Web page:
Smoking and potentially preventable hospitalisation: The benefit of smoking cessation in older ages

Bich Tran*, Michael O. Falster, Kirsty Douglas, Fiona Blyth, Louisa R. Jorm

*Corresponding author for this work

    Research output: Contribution to journalArticlepeer-review

    29 Citations (Scopus)

    Abstract

    Aims: Reducing preventable hospitalisation is a priority for health systems worldwide. This study sought to quantify the contribution of smoking to preventable hospitalisation in older adults and the potential benefits of smoking cessation. Methods: Self-reported smoking data for 267,010 Australian men and women aged 45+ years linked with administrative hospital data were analysed using Cox's models to estimate the effects on risk of hospitalisation for congestive heart failure (CHF), diabetes complications, chronic obstructive pulmonary disease (COPD) and angina. The impacts of smoking and quitting smoking were also quantified using risk advancement periods (RAP). Results: The cohort included 7% current smokers, 36% former smokers and 57% never smokers. During an average follow-up of 2.7 years, 4% of participants had at least one hospitalisation for any of the study conditions (0.8% for CHF, 1.7% for diabetes complications, 0.8% for COPD and 1.4% for angina). Compared to never smokers, the adjusted hazard ratio for hospitalisation for any of the conditions for current smokers was 1.89 (95% CI 1.75-2.03), and the RAP was 3.8 years. There were strong dose-response relationships between smoking duration, smoking intensity and cumulative smoking dose on hospitalisation risk. The excess risk of hospitalisation and RAP for COPD was reduced within 5 years of smoking cessation across all age groups, but risk reduction for other conditions was only observed after 15 years. Conclusion: Smoking is associated with increased risk of preventable hospitalisation for chronic conditions in older adults and smoking cessation, even at older ages, reduces this risk.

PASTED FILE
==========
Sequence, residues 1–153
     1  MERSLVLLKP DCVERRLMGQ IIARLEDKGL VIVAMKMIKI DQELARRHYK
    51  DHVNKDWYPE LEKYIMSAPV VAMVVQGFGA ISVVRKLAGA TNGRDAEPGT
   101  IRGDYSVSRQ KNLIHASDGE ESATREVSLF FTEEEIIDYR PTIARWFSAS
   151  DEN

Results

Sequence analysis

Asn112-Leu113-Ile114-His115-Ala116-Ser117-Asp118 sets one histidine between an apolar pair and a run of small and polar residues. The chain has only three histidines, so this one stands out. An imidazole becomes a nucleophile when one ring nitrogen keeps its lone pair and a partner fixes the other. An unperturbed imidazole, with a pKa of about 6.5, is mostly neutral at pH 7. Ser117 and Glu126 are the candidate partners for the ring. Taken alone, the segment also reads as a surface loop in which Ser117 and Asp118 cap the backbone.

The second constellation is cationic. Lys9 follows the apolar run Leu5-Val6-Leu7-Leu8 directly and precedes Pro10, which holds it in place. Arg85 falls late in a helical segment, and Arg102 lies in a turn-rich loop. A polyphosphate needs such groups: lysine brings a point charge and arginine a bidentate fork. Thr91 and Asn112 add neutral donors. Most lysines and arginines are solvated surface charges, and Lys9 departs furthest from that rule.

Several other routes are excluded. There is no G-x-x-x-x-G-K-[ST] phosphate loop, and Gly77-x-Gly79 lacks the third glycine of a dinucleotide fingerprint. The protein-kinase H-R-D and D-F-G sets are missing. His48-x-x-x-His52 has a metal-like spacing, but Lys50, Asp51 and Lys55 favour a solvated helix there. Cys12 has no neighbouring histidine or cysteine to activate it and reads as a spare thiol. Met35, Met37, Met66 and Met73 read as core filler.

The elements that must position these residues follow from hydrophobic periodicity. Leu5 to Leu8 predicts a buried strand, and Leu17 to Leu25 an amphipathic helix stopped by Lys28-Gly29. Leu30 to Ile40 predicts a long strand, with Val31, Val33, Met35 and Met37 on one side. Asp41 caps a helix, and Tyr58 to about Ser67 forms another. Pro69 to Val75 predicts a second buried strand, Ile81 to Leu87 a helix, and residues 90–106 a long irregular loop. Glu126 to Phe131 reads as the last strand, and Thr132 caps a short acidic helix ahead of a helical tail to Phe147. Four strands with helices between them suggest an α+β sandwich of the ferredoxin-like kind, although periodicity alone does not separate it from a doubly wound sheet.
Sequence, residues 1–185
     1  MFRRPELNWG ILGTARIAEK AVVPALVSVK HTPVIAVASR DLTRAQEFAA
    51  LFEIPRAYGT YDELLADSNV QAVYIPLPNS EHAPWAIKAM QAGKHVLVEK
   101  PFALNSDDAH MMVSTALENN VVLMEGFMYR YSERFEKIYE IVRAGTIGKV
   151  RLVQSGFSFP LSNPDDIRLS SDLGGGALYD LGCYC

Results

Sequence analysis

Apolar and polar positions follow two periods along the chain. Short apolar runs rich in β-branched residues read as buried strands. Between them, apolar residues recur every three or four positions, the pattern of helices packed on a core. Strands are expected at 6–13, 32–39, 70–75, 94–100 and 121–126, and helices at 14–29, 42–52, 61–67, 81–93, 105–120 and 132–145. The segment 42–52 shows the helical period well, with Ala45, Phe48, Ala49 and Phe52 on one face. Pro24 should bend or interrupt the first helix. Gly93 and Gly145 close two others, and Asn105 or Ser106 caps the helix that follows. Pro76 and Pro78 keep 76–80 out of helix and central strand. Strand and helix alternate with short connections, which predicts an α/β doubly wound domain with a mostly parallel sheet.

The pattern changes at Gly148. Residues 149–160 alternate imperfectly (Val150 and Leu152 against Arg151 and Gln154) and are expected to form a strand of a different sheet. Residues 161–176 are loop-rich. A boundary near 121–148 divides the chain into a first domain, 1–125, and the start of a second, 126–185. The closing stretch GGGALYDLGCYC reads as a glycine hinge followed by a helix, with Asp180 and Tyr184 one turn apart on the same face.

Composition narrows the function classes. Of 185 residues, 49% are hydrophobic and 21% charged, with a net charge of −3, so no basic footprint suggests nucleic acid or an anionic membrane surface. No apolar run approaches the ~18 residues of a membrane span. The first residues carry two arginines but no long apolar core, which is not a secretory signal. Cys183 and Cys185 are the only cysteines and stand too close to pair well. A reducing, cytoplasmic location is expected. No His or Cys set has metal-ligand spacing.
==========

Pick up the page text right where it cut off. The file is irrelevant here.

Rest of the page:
Original languageEnglish
    Pages (from-to)85-91
    Number of pages7
    JournalDrug and Alcohol Dependence
    Volume150
    DOIs
    Publication statusPublished - 1 May 2015

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